Plasma lipid concentrations in college students performing self-selected exercise

Gary F. Merrill, Gregory S. Friedrichs

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10 Scopus citations


Plasma cholesterol and other blood lipids were determined in 64 college juniors and seniors during January and February 1989 (before exercise) and again during April and May 1989 (after exercise). A 14-week period of selfselected exercise was interposed between the before and after exercise cholesterol determinations. Cholesterol concentrations ranged from 127-273 mg/dl (before exercise) to 131-261 mg/dl (after exercise) in this group of students who were 22 ± 1 years of age. There were no statistically significant differences in cholesterol concentrations between the genders. Students could be further subdivided into groups with low (144 ± 3 mg/dl, n = 12), medium (176 ± 6 mg/dl, n = 35), and high (224 ± 6 mg/dl, n = 17) concentrations of cholesterol. Only students in the high cholesterol group experienced a significant reduction in total cholesterol and low-density-lipoprotein cholesterol after 14 weeks of exercise. High-density-lipoprotein cholesterol concentrations were significantly higher in women than in men in both the medium and high cholesterol subgroups before and after exercise. From these results it appears that a significant fraction of the young adult college population could be at increased risk of coronary heart disease because of inappropriately high concentrations of cholesterol. Moreover, self-selected exercise, if engaged in regularly, can reduce blood cholesterol significantly in students with high cholesterol concentrations.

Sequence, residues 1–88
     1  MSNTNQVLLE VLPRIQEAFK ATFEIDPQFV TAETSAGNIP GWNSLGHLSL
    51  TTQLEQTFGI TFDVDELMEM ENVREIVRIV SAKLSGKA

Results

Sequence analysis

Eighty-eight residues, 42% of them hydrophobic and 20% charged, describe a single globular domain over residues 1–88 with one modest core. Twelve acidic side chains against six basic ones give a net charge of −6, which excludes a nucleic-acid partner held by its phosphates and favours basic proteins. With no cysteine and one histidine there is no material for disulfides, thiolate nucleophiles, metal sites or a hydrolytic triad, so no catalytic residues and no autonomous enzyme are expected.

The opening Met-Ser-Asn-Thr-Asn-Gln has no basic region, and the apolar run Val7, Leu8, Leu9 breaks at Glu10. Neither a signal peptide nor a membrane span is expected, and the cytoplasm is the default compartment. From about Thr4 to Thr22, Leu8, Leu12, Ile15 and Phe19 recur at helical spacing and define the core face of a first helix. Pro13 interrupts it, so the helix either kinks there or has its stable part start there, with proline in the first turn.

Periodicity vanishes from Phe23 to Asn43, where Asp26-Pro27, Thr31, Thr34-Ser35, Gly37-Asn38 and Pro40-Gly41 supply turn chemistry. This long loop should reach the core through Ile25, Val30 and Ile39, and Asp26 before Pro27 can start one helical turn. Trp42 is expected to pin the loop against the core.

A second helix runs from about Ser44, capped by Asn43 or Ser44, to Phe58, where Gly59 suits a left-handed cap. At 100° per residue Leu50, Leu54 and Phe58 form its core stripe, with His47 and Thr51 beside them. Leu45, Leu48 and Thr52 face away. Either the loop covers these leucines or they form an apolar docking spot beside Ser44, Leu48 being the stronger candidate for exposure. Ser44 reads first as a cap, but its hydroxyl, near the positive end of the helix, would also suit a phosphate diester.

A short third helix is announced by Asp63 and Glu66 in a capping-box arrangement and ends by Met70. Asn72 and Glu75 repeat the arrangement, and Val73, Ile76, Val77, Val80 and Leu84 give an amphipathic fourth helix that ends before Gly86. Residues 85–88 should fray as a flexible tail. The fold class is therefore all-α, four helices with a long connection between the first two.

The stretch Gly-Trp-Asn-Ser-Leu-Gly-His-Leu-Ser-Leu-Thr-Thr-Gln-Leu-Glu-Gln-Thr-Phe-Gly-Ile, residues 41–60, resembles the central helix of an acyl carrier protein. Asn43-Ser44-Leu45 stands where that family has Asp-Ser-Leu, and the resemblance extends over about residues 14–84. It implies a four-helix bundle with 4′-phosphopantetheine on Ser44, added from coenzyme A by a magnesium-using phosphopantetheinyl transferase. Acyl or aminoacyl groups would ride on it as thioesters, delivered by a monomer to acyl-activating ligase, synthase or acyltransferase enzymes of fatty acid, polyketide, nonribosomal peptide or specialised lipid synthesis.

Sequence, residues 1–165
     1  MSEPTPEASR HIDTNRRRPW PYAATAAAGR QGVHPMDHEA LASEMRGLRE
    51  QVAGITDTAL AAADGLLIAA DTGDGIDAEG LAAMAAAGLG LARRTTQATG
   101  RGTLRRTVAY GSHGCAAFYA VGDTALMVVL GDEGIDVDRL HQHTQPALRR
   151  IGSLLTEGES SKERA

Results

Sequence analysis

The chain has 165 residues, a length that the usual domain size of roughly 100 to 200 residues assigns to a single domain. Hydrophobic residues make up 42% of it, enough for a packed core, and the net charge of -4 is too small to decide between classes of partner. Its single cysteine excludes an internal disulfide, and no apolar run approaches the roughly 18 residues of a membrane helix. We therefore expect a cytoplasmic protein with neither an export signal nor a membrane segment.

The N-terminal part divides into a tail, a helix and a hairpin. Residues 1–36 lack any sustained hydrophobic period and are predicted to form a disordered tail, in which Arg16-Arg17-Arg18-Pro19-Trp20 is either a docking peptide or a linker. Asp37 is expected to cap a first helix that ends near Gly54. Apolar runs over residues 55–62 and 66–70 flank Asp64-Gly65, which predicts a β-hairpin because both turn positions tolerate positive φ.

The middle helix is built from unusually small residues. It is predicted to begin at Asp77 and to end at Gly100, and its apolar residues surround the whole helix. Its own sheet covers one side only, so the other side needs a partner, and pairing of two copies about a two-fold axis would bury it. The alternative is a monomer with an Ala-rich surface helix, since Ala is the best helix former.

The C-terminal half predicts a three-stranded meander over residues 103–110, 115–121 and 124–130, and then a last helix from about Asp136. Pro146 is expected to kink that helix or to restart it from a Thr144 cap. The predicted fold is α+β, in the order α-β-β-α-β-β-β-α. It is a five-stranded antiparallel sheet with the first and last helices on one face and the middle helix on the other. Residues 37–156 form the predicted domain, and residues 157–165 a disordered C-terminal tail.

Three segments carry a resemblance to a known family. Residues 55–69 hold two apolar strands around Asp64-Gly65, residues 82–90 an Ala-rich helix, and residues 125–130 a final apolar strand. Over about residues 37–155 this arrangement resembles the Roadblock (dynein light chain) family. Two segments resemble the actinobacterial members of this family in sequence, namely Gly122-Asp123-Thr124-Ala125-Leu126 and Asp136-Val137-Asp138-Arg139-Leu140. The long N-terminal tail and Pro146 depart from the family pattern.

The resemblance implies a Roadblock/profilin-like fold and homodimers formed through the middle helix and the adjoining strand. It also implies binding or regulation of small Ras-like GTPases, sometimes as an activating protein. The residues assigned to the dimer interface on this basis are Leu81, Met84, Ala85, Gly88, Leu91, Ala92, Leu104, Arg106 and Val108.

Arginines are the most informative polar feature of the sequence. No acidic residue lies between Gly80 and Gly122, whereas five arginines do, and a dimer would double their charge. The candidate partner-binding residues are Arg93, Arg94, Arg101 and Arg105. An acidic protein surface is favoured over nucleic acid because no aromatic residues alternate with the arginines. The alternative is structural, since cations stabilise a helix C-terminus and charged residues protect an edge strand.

Original languageEnglish (US)
Pages (from-to)1-27
Number of pages27
JournalJournal of the American College of Nutrition
Issue number3
StatePublished - Jun 1 1990

All Science Journal Classification (ASJC) codes

  • Medicine (miscellaneous)
  • Nutrition and Dietetics


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